Currently viewing the category: "Wolves and Livestock"

Washington border wolf pack clearly has become beef eaters-

The controversy over the Wedge wolf pack began in a muddle — what is really going on? Now, however, it is clear they are eating beef, perhaps mostly beef. As a result, the Washington Department of Fish and Wildlife has issued an order to kill […]

Continue Reading

Have these wolves really killed any livestock at all?

A Washington state rancher near the Canandian border in the territory of the Wedge wolf pack says he has found two more dead calves he thinks were killed by wolves because of the bite marks on their hindquarters. As a result the state indicates they will […]

Continue Reading

Wildlife Services has high average non-lethal record for all animals, but not for large carnivores-

Lately there has been a lot of media critical of USDA-Wildlife Services; often called by its critics something like “the federal government’s wildlife killers.”  In an effort to mount a defense the Service has pointed out that 80% of its […]

Continue Reading

Wyoming wolf population is stable and depredations of livestock low-

Mike Jimenez manages the wolves in Wyoming outside of Yellowstone National Park. He works for the federal government. This is because Wyoming wolves are not yet delisted from the protection of the endangered species act. Jimenez has just released the latest statistics and details of […]

Continue Reading

Less than a year after Flat Top Ranch was awarded $600,000 for a conservation easement – half of which was paid for by a Blaine County levy assessed to protect wildlife –  Flat Top Ranch has run into more conflicts with wolves:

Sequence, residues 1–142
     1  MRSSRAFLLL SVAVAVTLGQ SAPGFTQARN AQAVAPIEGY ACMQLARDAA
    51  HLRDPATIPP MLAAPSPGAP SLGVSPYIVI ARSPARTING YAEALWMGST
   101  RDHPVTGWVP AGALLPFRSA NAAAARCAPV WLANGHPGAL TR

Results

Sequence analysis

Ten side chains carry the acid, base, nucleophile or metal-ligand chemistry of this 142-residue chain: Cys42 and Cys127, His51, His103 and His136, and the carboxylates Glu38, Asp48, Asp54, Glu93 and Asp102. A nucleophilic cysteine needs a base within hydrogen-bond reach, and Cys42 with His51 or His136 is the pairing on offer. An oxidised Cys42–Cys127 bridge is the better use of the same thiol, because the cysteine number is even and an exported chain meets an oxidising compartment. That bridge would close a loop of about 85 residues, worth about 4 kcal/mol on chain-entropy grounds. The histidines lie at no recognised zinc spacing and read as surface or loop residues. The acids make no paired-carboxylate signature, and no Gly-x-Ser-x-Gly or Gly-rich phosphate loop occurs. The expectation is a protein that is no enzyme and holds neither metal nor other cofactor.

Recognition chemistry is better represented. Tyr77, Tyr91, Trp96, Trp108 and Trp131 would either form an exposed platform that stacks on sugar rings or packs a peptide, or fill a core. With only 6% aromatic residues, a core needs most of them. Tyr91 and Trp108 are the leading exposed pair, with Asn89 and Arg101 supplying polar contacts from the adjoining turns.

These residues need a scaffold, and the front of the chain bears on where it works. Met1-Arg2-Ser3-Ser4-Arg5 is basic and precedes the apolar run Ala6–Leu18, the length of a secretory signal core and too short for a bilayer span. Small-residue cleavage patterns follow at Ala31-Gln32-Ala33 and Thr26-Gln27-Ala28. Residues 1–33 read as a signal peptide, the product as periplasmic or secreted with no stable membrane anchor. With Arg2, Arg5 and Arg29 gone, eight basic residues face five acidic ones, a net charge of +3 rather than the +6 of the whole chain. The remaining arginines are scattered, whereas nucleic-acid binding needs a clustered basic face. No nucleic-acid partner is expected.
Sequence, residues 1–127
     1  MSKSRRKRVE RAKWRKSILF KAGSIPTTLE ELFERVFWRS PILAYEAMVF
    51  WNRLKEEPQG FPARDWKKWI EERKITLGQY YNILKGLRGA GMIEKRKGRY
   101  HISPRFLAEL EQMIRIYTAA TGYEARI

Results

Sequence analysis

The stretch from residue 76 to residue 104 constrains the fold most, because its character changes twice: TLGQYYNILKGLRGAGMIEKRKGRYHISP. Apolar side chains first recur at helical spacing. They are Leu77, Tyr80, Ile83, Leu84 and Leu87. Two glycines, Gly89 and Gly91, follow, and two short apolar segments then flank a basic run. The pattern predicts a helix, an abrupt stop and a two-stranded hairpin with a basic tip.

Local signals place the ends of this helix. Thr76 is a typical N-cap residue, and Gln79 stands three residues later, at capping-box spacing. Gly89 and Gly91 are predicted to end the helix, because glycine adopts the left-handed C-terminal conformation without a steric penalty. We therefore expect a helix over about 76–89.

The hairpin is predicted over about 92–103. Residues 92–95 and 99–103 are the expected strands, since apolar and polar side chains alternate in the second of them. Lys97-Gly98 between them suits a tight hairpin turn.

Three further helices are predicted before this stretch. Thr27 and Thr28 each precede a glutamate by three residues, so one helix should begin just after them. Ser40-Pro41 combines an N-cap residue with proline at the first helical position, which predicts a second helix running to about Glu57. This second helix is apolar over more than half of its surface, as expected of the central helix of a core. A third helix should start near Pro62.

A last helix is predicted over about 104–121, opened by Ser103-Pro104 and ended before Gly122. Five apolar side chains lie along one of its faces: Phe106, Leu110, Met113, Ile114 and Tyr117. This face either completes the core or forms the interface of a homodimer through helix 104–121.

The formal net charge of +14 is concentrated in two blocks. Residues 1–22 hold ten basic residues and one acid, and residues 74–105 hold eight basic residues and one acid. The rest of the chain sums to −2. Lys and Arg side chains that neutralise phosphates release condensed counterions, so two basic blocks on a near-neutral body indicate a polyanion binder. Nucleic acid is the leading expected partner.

Jerome Hansen, supervisor of the Idaho Department of Fish and Game’s Magic Valley […]

Continue Reading

I recently attended the wolf hearings held by the Montana Department of Fish, Wildlife and Parks Commission in Helena.

The commission is considering initiation of a trapping season, as well as eliminating quotas on the number of wolves that may be killed. The goal is to significantly reduce the state’s wolf population which currently numbers […]

Continue Reading

Recently we were informed of a new effort by two conservation groups, a Native American tribe and livestock interests “to secure $25 million from the upcoming 2012 Farm Bill to help livestock producers reduce the risk of livestock losses to grizzly bears, wolves, black bears and mountain lions.”

This taxpayer money is meant to “reduce […]

Continue Reading

Editors note 5:30 PM MST 2/22/2012: we have learned that this “wolf kill bill” will probably move no further in the Oregon Legislature — it is probably dead for the year, though it is possible that legislative “tricks” could possibly push it further. 

Full release:

Activists Take Over OCA Meeting and Call Attention […]

Continue Reading

Several recent discussions on The Wildlife News have focused on trends in wolf depredations (i.e. killing of domestic animals), and pondered what they mean for the future of wolves’ management.  The notion that per capita depredations (i.e. depredations per wolf) should increase with time is implicit in the U.S. Fish and Wildlife Service’s (FWS) 2009 […]

Continue Reading

Contained in the annual wolf report to be released later this week by the Oregon Department of Fish and Wildlife (ODFW) are the findings  of  a panel formed to review livestock depredation investigations attributed to wolves.  In at least three cases ODFW found that there was insufficient evidence to support a conclusion that wolves killed […]

Continue Reading

Calendar

June 2022
S M T W T F S
 1234
567891011
12131415161718
19202122232425
2627282930  

Quote

‎"At some point we must draw a line across the ground of our home and our being, drive a spear into the land and say to the bulldozers, earthmovers, government and corporations, “thus far and no further.” If we do not, we shall later feel, instead of pride, the regret of Thoreau, that good but overly-bookish man, who wrote, near the end of his life, “If I repent of anything it is likely to be my good behaviour."

~ Edward Abbey